This book looks at what our pronoun usage in our language says about us. There is also an online website which uses the same tools Pennebaker uses in his studies, providing the reader with an interactive aspect as well. The concepts in the book about how different pronouns correlate with different social status, group dynamics, gender, and other factors provide an insight on an aspect of daily life most people never think about. It also includes charts and graphs to help convey information, although Pennebaker does not provide his raw data for portions of the book, only his conclusion. By the end of the book many points he makes feel repetitive, making the later chapters less interesting to read.

Reviewer's Name: Mark T.
Life of Pi
Martel, Yann
3 stars = Pretty Good
Review:

Life of Pi starts off slowly, with a lot of details that I thought were irrelevant to the story. While Pi is moving with his family and their zoo, their ship sinks in a storm. Pi makes it to a life boat, but there are also four animals from the zoo on it. One of the animals is a tiger, which Pi must learn to control. He must also get food, water, and protection from the sun and sea in order to survive. This book shows the struggles to survive while isolated from society and also shows the fight to retain one's humanity throughout this struggle.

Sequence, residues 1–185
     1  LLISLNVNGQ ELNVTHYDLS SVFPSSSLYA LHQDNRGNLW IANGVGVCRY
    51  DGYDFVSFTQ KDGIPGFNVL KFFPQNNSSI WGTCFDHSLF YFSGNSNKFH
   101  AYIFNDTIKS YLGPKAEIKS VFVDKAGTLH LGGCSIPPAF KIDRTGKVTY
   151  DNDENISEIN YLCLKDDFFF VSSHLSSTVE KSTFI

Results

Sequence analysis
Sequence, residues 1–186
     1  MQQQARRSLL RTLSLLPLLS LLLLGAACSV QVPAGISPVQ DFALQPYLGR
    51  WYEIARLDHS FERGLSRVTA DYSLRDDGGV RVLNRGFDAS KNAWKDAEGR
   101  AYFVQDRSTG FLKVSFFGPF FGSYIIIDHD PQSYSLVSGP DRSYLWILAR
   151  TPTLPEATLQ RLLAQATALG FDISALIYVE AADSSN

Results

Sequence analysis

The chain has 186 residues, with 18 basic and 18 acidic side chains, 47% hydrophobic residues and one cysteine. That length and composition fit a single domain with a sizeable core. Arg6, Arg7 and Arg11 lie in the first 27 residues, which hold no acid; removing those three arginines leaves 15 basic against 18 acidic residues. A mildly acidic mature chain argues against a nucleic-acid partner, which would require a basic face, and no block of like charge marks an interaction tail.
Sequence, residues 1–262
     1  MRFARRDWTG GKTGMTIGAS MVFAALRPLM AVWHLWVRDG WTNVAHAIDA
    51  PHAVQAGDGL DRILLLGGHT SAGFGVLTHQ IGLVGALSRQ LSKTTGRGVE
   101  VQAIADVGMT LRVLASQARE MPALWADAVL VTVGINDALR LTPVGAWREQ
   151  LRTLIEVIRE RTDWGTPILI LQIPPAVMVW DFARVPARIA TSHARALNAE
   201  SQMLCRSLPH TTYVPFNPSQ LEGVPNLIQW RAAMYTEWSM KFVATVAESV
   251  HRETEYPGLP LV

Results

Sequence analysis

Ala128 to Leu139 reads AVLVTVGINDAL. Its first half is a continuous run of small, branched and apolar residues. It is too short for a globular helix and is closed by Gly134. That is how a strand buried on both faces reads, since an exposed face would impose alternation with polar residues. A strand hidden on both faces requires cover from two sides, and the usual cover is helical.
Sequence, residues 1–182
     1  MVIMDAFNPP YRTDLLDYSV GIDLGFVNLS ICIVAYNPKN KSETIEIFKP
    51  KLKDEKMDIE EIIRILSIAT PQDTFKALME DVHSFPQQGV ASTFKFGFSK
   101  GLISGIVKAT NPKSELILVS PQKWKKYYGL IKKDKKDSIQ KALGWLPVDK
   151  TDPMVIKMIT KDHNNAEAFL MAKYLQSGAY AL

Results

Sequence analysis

Reviewer's Name: Mark T.
Dune
Herbert, Frank
5 stars = Bohemian Rhapsody Awesome!
Review: